News Release Date: April 17, 2019
Contact: NPS Investigative Services Branch, 202-379-4761
Park officials of Lewis and Clark National Historical park recently discovered unauthorized digging at a listed archeological site near the Netul River Trail within the park. The site was severely damaged and many artifacts are missing. The most severe damage was along the bank of a tidal river where approximately 15 cubic yards of soil was disturbed - the size of one and a half dump trucks. In addition, evidence at the scene indicates that a metal detector was used to locate artifacts and dig nine other holes.
"Archeologists make a great effort to record the context from which artifacts are recovered," said Rachel Stokeld, cultural resource specialist at the park, "to better understand their use and disposition and the wider historical picture. All this important information is now lost because of this illegal excavation."
The impacted area is also home to a rare salt marsh plant association containing Lyngbye's sedge and Pacific silverweed. This plant community is "so uncommon it is classified as imperiled in the state of Oregon," said Carla Cole, a park natural resource program manager.
The National Park Service takes its stewardship responsibilities very seriously. Unauthorized digging at an archeological site is prohibited, as is the possession of metal detectors in national parks unless disassembled and stored in a vehicle. 36 CFR 2.1(a)(7) and ARPA (the Archeological Resource Protection Act) are in place to protect natural, cultural, and archeological resources. When you visit public lands, enjoy them and do no harm.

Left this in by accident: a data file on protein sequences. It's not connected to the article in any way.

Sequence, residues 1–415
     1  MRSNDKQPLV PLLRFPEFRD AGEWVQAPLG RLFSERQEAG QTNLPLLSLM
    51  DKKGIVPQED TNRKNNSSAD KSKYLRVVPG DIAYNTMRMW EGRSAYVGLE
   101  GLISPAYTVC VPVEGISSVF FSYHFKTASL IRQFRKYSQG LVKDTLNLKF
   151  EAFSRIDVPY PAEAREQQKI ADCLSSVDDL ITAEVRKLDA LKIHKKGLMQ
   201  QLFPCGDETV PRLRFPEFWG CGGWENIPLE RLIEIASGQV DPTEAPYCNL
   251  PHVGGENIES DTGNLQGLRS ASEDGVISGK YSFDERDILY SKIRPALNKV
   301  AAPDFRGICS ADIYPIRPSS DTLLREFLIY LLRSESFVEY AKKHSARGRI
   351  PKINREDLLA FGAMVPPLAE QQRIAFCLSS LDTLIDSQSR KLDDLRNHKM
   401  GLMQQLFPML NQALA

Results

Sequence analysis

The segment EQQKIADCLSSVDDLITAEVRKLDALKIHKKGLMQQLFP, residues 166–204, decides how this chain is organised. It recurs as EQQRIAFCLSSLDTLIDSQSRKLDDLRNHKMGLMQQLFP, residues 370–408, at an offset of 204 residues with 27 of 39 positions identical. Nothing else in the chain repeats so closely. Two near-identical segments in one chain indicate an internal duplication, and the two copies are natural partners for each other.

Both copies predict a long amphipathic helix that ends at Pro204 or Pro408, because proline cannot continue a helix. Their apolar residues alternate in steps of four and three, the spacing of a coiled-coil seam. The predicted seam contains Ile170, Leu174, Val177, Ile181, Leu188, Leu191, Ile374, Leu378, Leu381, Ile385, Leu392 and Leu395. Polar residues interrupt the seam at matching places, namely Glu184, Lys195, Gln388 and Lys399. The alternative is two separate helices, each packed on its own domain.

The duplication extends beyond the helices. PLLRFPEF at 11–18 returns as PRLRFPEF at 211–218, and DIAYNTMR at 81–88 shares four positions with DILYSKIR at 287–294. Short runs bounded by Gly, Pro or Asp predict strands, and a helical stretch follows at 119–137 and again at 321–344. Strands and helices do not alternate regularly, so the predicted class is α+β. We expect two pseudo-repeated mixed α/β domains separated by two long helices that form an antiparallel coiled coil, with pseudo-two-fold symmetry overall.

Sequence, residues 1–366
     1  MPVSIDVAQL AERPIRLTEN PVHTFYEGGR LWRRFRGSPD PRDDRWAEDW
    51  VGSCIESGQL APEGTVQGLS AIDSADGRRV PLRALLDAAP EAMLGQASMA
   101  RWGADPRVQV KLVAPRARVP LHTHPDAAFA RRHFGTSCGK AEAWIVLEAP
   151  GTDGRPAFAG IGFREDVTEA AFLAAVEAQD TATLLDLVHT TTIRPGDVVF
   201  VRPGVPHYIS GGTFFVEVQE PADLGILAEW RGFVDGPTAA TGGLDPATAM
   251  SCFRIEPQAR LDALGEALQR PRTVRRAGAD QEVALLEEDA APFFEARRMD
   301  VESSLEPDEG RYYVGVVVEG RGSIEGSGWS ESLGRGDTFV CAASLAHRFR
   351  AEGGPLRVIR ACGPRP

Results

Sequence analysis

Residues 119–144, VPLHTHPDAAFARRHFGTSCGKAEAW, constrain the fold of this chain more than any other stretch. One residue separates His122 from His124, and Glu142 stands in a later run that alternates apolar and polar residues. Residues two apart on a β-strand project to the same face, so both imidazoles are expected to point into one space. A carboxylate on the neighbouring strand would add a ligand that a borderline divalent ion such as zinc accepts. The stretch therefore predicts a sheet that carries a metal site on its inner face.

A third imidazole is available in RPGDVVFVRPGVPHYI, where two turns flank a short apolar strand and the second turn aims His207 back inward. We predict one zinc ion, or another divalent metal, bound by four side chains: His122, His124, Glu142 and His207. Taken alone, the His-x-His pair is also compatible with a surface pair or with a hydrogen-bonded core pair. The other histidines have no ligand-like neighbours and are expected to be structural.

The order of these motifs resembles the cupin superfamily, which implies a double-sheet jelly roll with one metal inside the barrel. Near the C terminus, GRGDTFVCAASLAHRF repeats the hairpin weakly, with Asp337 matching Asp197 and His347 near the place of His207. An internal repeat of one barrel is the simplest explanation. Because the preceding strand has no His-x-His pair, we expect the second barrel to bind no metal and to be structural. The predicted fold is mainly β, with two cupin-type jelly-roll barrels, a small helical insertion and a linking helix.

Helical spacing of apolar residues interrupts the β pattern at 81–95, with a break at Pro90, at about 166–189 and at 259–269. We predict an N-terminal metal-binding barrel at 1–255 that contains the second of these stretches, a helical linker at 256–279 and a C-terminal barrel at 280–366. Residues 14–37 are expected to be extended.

If you were hiking on the Netul River Trail around before March 20, if you have information that could help investigators identify those responsible for this crime, or if you see looting or other suspicious activity in any National Park Service (NPS) site, stay safe and tell us about it. Talk to any NPS employee for help, or give the Special Agents of the NPS Investigative Services Branch a call. We understand that it may take time to reach areas with cell or internet service. You don’t have to tell us who you are, but please tell us what you know:
CALL or TEXT the ISB Tip Line 888-653-0009
ONLINE www.nps.gov/ISB and click “Submit a Tip”
EMERGENCY dial 9-1-1
ISB: the Investigative Services Branch of the National Park Service
Last updated: April 17, 2019